TOMS RIVER, NJ (AP / CBSNewYork) – Steve used to build houses near the Jersey shore. Now, he has no home of his own, living in a tent in the woods with other homeless people in Lakewood.

WCBS 880’s Levon Putney On The Story

They’ll be able to stay there a bit longer after a state judge on Friday refused the city’s request to shut down the camp and remove its 25 to 75 occupants.

Acknowledging the decade-long dispute can’t go on forever, the judge wants both sides to work out a solution soon.

But for now, Steve, who wouldn’t give his last name, said he’s glad he won’t have to pack up and move.

“It’s a place to lay your head,” said the 55-year-old former home builder who used to live in Point Pleasant before he lost his job and became homeless.

Soon afterward, he was spending most of his time at the Asbury Park train station, whose benches he says he slept on for 11 years before finding the Lakewood homeless camp in the woods not far from the stadium where the minor league Lakewood Blue Claws play each summer.

“You have neighbors there in the same situation as you: no place to go. There’s just no other place to go right now.”

Homeless people have been living in the woods on city-owned land for about 10 years, pitching tents or erecting crude shelters. Three years ago, Lakewood filed a lawsuit seeking to shut down the camps, but the case has dragged on since then. Friday’s hearing was on the city’s request for a court order shutting down the camp.

But Superior Court Judge Joseph Foster refused, saying several important legal issues still remain to be decided. He asked both sides to come to an as-yet unscheduled hearing with proposals to end the standoff once and for all, even as he acknowledged both sides are growing more frustrated.

“When you take someone else’s property, you can’t expect the property owner isn’t going to say at some point, ‘enough,”’ the judge said.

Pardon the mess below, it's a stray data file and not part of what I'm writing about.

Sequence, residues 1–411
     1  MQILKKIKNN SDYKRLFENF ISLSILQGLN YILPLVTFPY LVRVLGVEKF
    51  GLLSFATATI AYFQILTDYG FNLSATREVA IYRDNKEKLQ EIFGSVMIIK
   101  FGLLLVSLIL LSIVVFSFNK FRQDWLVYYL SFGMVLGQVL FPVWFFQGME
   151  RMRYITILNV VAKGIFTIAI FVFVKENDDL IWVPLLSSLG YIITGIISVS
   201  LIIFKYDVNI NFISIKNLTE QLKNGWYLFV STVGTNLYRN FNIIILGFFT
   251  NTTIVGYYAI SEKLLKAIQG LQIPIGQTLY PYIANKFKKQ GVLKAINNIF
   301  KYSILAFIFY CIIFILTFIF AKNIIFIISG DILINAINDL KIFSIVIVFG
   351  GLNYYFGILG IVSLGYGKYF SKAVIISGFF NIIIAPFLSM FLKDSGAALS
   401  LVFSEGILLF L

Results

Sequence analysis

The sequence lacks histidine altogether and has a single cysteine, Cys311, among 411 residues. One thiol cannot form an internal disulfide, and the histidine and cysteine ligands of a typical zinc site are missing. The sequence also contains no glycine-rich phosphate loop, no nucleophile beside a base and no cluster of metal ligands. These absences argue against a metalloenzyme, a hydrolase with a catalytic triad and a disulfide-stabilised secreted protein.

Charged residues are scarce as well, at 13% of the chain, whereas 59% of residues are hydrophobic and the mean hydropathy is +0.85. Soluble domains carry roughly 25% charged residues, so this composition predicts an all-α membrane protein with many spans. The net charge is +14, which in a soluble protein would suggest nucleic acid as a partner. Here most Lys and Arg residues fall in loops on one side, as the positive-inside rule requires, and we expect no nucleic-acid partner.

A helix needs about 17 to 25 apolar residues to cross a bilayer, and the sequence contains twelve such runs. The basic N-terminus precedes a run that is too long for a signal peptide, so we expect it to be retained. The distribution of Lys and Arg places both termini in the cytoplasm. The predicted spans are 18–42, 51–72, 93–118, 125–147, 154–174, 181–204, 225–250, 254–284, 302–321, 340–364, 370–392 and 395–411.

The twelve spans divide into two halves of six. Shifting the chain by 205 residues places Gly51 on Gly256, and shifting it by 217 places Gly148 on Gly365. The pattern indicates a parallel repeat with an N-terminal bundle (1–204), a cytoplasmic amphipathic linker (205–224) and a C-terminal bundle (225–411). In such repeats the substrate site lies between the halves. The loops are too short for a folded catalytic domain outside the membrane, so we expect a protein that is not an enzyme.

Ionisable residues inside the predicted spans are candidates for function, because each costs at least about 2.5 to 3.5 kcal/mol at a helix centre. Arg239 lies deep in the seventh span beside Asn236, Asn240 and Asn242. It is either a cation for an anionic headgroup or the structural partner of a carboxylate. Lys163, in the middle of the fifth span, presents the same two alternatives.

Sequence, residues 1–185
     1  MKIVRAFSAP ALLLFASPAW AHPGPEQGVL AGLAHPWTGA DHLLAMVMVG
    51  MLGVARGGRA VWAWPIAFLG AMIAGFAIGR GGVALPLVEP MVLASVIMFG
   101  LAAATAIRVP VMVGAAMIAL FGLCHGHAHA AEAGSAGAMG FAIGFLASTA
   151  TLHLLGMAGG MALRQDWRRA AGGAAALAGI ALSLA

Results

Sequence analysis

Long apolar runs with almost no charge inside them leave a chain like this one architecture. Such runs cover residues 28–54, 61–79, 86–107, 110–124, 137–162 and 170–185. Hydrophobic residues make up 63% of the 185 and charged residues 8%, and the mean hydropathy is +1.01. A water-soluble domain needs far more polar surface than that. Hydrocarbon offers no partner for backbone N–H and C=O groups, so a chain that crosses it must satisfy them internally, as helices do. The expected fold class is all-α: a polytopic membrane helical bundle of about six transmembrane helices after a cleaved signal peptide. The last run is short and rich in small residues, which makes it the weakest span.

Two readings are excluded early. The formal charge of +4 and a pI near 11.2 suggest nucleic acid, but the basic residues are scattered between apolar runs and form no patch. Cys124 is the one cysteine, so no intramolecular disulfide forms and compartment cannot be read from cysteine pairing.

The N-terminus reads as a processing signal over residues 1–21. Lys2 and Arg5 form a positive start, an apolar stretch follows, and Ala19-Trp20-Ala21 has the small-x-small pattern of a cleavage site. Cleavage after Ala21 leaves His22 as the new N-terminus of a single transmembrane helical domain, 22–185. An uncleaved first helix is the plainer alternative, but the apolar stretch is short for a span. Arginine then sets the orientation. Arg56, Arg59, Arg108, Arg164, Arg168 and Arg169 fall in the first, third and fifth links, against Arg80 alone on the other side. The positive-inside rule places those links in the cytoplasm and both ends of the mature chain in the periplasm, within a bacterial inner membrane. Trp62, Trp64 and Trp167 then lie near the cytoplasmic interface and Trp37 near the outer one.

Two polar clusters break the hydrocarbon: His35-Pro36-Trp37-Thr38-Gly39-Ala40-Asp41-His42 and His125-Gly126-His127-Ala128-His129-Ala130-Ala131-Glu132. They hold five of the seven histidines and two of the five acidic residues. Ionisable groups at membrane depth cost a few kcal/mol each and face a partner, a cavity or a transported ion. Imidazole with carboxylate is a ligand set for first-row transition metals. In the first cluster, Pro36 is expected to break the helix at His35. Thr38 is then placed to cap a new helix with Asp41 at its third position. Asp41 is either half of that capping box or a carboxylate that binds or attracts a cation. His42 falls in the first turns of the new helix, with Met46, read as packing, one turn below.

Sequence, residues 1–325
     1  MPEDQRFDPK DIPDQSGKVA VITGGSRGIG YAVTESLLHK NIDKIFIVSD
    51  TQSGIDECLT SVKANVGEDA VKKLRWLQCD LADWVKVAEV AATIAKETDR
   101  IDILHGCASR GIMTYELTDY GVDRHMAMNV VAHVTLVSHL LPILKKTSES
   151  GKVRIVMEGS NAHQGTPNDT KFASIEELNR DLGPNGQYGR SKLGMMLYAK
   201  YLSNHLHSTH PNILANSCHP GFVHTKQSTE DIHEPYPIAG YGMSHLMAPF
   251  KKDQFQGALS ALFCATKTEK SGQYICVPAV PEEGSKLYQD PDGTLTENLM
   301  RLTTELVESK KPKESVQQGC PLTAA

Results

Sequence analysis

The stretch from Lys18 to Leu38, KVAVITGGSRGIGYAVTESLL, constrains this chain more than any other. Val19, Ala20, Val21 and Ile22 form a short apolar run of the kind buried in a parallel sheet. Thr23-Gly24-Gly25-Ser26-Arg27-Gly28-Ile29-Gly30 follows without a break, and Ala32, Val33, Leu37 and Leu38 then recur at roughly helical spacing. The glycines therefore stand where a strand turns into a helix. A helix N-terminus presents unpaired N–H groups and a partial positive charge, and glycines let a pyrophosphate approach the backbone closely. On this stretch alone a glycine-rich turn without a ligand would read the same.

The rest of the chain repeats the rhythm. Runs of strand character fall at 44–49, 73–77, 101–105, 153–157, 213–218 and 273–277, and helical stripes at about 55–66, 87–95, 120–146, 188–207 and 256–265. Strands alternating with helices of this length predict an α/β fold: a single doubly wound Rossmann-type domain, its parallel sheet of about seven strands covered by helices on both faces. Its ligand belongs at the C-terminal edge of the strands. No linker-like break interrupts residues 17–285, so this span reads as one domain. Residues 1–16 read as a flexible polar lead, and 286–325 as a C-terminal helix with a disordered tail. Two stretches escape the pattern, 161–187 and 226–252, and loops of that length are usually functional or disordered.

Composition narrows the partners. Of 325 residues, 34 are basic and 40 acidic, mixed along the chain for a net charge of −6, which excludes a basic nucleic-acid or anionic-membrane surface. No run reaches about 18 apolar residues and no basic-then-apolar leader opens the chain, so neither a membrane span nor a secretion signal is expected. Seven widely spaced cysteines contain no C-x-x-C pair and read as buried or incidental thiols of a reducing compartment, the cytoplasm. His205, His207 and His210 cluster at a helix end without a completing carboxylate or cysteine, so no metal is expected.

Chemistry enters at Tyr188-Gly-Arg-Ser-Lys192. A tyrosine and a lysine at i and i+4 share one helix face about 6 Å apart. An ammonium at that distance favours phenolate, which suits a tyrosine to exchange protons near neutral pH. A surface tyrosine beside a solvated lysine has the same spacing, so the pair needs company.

“Enough,” agreed Michael DeCicco, an attorney for Lakewood. “Exactly. At some point, we have to control our property.”

But Jeffrey Wild, an attorney representing the homeless at the camp, turned that argument back against the city.

“On behalf of the homeless, we say ‘enough,”’ he told the judge. “None of my clients wants to live in the woods in the middle of winter. Lakewood and Ocean County have been ignoring the laws that say no person shall be unreasonably denied shelter.”

“All we want is a place for these people to go. All we want is what’s taken as a given in New York City, that there’s always a place of shelter,” Wild told WCBS 880 reporter Levon Putney. “From the beginning, we’ve been anxious to talk about stopping the waste of money on motel rooms.”

The judge agreed that the government has an obligation to care for the poor on some level. But he said he didn’t know if he has the authority to compel specific remedies, such as forcing Lakewood or Ocean County to spend certain amounts of money to provide for the homeless.

“I’m hoping that instead of litigating we can sit down and all agree that no one should be sleeping outside in a flimsy tent in the middle of winter,” Wild told 0101 WINS.

Jack Sahradnik, an attorney representing Ocean County, said after the hearing that the county, through its Board of Social Services, spent $20 million last year on programs to either serve the homeless or prevent people from becoming homeless, through rental assistance, help with utility bills and food aid.

“On any given day, there are 2,200 people being given homeless services or rental assistance by the county,” he said. “I don’t believe there’s any question the county is meeting its legal obligations.”

Advocates for the homeless say the closest homeless shelter is in Atlantic County, which offers only short-term assistance and has a waiting list.

“The current law says that if you make $7 a day you’re too rich for emergency assistance and that just does not make sense” Wild said. “Nobody can pay rent, find an apartment for $7 a day so we’re working to change that and we’re working to get affordable housing for everybody.”

The city contends the camp is a hazard, noting that one resident has died and another was seriously injured in propane stove accidents in recent years.

(TM and Copyright 2012 CBS Radio Inc. and its relevant subsidiaries. CBS RADIO and EYE Logo TM and Copyright 2012 CBS Broadcasting Inc. Used under license. All Rights Reserved. This material may not be published, broadcast, rewritten, or redistributed. The Associated Press contributed to this report.)